The Unai Emery experiment has failed. That will not have come to surprise to anyone who studied his record more than superficially before his appointment. I for one was unenthusiastic when it was announced. Mind you, I wasn’t keen on Arteta either.
Nothing in their record or behavior to date suggests that the decision-makers at Arsenal will take action until it is too late to retrieve our Premier League campaign. Every week sees the gap widen, with Chelsea and Leicester now gathering momentum and even Tottenham showing they will put up a fight to make the top four. Watching Man U flounder is poor consolation for our own failings. As the Editor has said, Emery’s tenure should have ended with Baku, a capitulation that spoke to the manager’s inability to prepare his team for a challenge.
On the assumption that nothing will be done until the end of the year, we will once again be left with winning the Europa League as our only way into the Champions League, and that will take better management than Emery has shown himself capable of providing at Arsenal. Knock-out competitions are a risky bet for the club’s future.
So what do we need from a new manager? First, an awareness that strength is built from the defence, and that defending is the responsibility of the whole team, not just the back five. Secondly, a style of play that the team can understand and implement. Thirdly an organization of the players’ movements that doesn’t leave individuals isolated or world-class forwards starved of service. And the ability to instill fear into the team, where no-one wants to go into the dressing room knowing he has let his team-mates or the club down. It doesn’t have to be a hair-dryer: with some leaders, an icy stare can be more intimidating. But in a club where a soft underbelly has been its defining characteristic for over a decade, the pendulum has to swing.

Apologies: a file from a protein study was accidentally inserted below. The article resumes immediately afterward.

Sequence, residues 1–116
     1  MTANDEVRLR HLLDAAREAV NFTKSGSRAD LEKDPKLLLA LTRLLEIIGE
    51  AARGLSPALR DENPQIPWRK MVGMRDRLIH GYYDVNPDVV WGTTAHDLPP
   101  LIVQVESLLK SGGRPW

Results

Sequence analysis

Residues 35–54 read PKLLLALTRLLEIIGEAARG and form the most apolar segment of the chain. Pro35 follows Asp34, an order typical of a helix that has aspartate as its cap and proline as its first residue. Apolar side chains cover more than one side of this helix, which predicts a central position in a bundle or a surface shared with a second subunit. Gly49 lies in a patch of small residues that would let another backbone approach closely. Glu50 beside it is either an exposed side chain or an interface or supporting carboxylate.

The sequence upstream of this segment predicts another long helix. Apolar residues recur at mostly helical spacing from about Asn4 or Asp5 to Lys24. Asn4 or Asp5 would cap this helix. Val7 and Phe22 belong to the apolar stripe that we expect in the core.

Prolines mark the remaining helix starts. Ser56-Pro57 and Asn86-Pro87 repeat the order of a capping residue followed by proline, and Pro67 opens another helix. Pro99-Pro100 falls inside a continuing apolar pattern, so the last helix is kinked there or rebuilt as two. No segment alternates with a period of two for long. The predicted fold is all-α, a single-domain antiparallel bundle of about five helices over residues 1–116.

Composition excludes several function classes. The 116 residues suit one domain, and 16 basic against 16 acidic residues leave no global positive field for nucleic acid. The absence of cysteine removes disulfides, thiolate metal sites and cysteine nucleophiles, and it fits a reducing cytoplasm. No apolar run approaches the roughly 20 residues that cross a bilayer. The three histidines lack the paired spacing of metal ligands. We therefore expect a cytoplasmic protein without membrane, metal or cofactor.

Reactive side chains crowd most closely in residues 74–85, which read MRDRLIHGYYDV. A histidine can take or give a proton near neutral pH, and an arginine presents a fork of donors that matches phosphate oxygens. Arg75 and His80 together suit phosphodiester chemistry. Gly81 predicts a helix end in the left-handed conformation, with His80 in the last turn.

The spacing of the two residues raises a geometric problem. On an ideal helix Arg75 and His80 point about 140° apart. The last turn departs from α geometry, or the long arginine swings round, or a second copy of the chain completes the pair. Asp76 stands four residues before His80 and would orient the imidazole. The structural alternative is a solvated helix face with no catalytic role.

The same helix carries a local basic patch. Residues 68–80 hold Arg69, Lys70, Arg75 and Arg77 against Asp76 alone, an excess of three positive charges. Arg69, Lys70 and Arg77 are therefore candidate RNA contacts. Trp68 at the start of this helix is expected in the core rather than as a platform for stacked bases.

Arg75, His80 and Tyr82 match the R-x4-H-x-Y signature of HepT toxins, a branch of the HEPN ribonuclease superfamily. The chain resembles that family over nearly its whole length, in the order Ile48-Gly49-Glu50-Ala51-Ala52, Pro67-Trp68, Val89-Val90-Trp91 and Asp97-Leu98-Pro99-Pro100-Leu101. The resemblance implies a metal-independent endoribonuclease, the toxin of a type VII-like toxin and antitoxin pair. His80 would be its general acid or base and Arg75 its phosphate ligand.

The stories about Mourinho are conflicting, but regardless of their accuracy they raise some key questions – do we want a short-term fix or a longer-term approach? Do we want an ego or a “team-player”? Do we want someone who will continue to use our younger players and our academy graduates? Do we want someone who will ask to bring in big-name players or someone who can get much more from what most of us would agree is the best-quality squad we’ve had for some years? Do we want someone we can all get behind or someone who will divide the fanbase down the middle (answers on a postcard, please)?
The rumour-mill is in full swing, and we can expect it to get louder and more persistent until the inevitable happens and a new appointment is made. For the sake of the club and the supporters, that can’t happen soon enough.
The October edition of the monthly (original) Gooner podcast can be listened to and downloaded here
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